Fixing Water Leaks in Your Home: Part 1

Wednesday, May 17th, 2017 // Blog

Water Leaks in Your Home: What to Do (Part One)

Fixing water leaks can be confusing. We hope this multi-part series simplifies the process for you.

Eek! A leak! You see the drywall sagging, the paint peeling or any of the hundreds of ways water can get into your home. Where is it coming from? What should you do? Who should you call? We recommend a professional do the investigating, but these tips can help you recognize what needs to be done, and if it’s being done right.

The basic process

Step 1: locate the source of the leak. Step 2: Determine who to call to get an estimate Step 3: Have the repairs completed correctly. Step 4: Follow through and monitoring.

In this article we will focus on step 1: Locating the leak. This would seem like an obvious thing to locate. In some cases it is, but water can be elusive and tricky. To help us determine where to start looking, we should first identify the type of leak we’re dealing with.

Is it constant or intermittent?

Constant leaks can be difficult to find, isolating them by cutting off water to different areas can help

Constant leaks: A constant leak can be any size from a drip to a shower that never stops. This makes locating its source a bit easier, albeit more frantic.

While there is a time sensitive nature to a constant leak, it’s important to remain calm. Start with all the simple things. Ensure no water is running either inside or outside the home. After that, check the water meter as well to see if water is still flowing somewhere.

If water leaks continue after this investigate other types of water sources. As an example; there is a feed line bringing water to the whole home humidifier which can leak. An air conditioning specialist can check for condensation on air conditioning ducts causing a slow leak. Cracked condensate pans can also leak.

Either way the goal is isolate the leak. We need to eliminate the need to cut open random areas in search of the source. Once it’s known which line is bringing the water to the leak source, that pipe can be followed and less intrusive investigation methods can be used. A plumber is advised for repair. Later in this series we’ll discuss who to call, how to pick the best company and tips for avoiding problems throughout the entire process. Remember to check our Facebook page for updates.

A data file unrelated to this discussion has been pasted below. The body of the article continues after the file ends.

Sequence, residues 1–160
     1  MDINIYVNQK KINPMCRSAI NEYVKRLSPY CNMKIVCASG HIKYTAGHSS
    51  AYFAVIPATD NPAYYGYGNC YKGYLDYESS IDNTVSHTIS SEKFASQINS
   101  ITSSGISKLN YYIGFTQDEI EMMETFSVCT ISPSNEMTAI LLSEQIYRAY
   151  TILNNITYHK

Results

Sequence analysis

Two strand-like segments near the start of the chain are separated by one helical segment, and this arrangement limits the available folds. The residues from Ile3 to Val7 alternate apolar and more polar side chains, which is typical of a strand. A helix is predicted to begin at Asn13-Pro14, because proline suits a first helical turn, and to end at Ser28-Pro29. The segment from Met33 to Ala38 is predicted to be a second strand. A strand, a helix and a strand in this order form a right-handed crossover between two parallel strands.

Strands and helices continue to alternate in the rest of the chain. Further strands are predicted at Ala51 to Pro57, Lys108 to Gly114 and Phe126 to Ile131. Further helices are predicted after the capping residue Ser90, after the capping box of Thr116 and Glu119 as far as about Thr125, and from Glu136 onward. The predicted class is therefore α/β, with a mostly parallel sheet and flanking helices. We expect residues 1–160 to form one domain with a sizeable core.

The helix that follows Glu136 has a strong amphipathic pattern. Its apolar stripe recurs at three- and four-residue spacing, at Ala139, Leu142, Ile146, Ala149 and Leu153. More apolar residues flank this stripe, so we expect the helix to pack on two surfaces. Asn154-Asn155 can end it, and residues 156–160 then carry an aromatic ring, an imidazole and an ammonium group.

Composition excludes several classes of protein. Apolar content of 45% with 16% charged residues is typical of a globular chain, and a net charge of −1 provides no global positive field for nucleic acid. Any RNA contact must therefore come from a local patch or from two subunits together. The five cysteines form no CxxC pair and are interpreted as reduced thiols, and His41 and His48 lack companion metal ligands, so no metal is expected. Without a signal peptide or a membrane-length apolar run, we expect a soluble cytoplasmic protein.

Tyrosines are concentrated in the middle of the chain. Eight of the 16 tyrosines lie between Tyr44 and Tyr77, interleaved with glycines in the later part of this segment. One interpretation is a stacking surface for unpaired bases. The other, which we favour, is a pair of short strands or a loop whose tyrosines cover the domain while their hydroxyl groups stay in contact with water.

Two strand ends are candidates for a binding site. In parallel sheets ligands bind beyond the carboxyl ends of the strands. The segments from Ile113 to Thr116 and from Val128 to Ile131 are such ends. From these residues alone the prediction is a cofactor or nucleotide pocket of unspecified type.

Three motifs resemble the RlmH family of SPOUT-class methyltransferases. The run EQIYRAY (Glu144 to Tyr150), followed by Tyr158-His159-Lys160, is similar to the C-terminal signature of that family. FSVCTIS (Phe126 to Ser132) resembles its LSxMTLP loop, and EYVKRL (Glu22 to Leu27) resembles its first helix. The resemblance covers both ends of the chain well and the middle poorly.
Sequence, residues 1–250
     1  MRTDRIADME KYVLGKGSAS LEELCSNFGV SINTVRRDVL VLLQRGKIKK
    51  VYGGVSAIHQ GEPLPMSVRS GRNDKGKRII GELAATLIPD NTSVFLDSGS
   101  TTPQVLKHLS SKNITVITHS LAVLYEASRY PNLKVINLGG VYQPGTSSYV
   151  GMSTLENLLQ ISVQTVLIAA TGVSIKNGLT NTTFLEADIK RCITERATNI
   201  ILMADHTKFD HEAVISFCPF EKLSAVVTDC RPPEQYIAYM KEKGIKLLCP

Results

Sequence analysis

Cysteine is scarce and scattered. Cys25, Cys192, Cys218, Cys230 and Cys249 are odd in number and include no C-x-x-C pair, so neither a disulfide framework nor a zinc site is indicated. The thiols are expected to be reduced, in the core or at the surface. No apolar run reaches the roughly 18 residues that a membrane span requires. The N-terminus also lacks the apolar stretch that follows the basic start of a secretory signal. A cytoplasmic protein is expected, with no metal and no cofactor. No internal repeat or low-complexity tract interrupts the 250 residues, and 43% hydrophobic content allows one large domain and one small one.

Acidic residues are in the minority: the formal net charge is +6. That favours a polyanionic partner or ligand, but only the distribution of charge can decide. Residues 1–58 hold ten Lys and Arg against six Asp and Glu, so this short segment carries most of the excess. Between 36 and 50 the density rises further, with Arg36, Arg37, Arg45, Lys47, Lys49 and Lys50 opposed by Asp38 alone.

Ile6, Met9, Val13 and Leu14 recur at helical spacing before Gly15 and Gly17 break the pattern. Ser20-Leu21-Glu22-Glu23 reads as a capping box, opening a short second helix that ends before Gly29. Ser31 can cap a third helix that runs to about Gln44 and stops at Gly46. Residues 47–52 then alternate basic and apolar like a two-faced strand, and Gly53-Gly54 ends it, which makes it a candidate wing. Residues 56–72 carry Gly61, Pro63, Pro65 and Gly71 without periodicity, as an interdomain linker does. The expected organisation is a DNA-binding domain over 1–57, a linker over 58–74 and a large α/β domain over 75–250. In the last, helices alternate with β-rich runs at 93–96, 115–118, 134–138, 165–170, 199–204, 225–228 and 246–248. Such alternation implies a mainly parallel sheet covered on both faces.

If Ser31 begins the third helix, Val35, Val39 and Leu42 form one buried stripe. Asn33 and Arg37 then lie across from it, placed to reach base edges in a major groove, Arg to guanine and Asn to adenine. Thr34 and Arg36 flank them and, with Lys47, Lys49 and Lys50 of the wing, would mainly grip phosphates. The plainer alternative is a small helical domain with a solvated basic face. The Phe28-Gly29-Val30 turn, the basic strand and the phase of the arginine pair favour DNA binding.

Chimney leaks are often intermittent leaks

Intermittent leaks: Water leaks that only occur during certain conditions are considered intermittent. They are far more difficult to diagnose than constant ones. If a leak only forms during heaving rains, but not during light rain: that tells us something. Driving rain can get into places calm vertical rains cannot. Ice and snow can also do things that other types of water cannot. It’s important to remember some slow moving leaks can last even a few hours after the source has stopped.

A real life example of the investigation process for an intermittent leak

Recently a customer called us about a leak in their ceiling. It was dripping from their recessed lights during heavy rains. Its location in the middle of the room on the ground floor was odd.

We noted their masonry chimney integrated into the adjacent wall of the kitchen. Since we go from low to high, we checked rooms above and found no water damage. At that point we headed onto the roof.

There we found a gutter leaning in the wrong direction. Leaves and debris were causing overflow, but only during heavy rains.

We also noted a four inch long crack in the shoulder/wash of the chimney. We added water to the gutter and confirmed that when the water overflowed it trickled into the crack.

This crack had been caulked with clear silicone. The caulk peeled away, but even when it stays it only locks moisture in, which is worse for masonry chimneys.

Here is where it gets interesting.

After entering the crack the water managed to contact a beam inside the exterior wall of the home. It trickled its way down the beam until it pooled on the top of the drywall covering the kitchen ceiling. It traveled over the top of the ceiling until contacting the recessed light fixture. There it began to drip onto the countertop.

This was two floors down and fifteen feet away from the leak source!

In this case, the leak was solved by performing a basic masonry repair and water protection. It also prompted the customer to look into having their gutters addressed. Not to mention opening their walls and ceiling to check for black mold.

They discovered a large amount of black mold in their home. It became clear that the leak was occurring other times as well. It only reached the light during the heavier rains.

The important thing to remember in this unfortunate case is that someone did notice the leak. This damage could have been avoided. The leak was not repaired properly, nor was it monitored after the fact.

Locating the source of water leaks can be tricky. Knowing what to look for and how to find it can save you time. It will also limit aggravation, and potentially thousands in future repair costs. Be sure to hire the correct professional to investigate your leak and you’ll be worry free. In the next article in this series we’ll cover tips on choosing a professional. Feel free to email us with questions about your specific leak.

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-Bob McNamara

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